Snacking on junk food is typically easier than stopping what you’re doing and making a proper meal. So don’t give in to temptation!

Japanese Drink Green Tea

Japanese people drink green tea every day and they have high hopes that it will help them achieve their goal: living to one hundred.

And given that there’s a lot of research showing how healthy green tea can be, including a 2004 study from Harvard University that found men who drank four or more cups of green tea per day were half as likely to die from heart disease as those who didn’t drink any, you can see why.

To learn about how drinking tea in addition to an overall healthy diet might help you live longer, just keep reading!

Japanese Cook with Natural Ingredients

Japanese cuisine has a reputation for being healthy. While we’re not suggesting you skip out on trying some of Japan’s best dishes, it might be worthwhile sticking with Japanese ingredients when cooking at home.

By adding fresh herbs and vegetables—along with a few natural, unsaturated fats—to your diet, you can still reap all of Japan’s culinary benefits without resorting to deep-fried dishes. To learn more about what makes Japanese food so healthy and how you can incorporate it into your own diet at home, contact local businesses like !

Other healthy habits among the world’s oldest population

They eat plenty of fish, fruit and vegetables and have an active lifestyle. The typical Japanese man walks nearly 7,000 steps a day; his wife clocks in at more than 8,000 daily steps.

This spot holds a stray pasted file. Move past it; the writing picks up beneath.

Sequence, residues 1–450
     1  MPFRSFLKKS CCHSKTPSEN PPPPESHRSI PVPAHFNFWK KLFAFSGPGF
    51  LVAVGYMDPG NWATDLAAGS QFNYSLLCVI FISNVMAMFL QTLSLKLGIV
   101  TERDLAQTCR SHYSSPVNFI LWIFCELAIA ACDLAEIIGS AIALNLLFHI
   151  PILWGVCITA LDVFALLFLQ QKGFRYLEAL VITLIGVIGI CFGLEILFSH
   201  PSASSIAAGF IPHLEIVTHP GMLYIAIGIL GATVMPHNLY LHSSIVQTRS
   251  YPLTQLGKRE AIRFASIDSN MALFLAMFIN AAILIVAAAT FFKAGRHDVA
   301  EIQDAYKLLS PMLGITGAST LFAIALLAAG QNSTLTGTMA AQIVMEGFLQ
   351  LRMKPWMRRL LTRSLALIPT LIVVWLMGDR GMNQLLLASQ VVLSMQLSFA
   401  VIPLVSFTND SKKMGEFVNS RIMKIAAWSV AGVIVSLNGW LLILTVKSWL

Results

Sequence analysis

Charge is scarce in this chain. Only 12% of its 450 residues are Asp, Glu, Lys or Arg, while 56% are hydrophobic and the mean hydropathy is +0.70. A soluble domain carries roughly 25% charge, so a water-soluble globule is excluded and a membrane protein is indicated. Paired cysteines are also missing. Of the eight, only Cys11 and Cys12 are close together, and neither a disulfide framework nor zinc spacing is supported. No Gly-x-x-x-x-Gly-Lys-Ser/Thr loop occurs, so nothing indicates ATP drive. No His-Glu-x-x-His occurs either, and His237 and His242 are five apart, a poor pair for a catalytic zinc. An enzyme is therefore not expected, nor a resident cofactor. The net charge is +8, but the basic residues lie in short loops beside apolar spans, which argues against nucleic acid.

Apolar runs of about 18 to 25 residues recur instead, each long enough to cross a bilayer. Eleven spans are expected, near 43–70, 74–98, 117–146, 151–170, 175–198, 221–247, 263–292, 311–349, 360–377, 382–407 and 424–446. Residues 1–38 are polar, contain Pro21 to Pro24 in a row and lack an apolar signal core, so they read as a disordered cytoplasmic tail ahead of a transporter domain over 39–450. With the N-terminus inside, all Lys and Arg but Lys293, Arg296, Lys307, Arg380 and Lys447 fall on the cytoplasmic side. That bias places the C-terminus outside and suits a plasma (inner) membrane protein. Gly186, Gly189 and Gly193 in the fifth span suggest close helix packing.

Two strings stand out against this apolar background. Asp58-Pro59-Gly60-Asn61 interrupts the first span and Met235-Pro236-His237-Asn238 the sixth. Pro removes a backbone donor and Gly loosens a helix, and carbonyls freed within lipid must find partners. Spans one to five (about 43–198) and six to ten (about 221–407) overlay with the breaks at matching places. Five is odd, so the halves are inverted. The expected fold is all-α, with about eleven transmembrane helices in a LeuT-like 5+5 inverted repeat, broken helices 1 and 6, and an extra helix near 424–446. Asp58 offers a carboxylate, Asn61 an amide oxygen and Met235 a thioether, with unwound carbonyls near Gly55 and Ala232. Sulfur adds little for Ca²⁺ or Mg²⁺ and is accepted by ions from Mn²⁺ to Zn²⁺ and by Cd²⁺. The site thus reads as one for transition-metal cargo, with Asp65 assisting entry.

(By comparison, Americans average between 5,000 and 6,000 daily steps.) They rarely smoke or drink alcohol. They also don’t overeat: More than one-third say they eat until they are 80 percent full.

Interestingly enough – because it’s not about dieting or exercise – all these practices lead to weight loss for Japanese women who reach their 60s and 70s! Not only do they live longer with better health but they age gracefully.

Do Japanese eat less?

You probably know Japan has a low obesity rate. What you might not know is that Japanese people actually eat more than Americans do, they just eat healthier food.

In fact, research shows that Japanese people consume significantly more calories per day than Americans – 3036 calories compared to 2567 calories – yet they are more likely to avoid trans fats and maintain a healthy weight [1].

This means there’s something else going on here besides portion control. So what gives? How do Japanese people manage to stay so slim while eating so much? The answer may lie in their diet.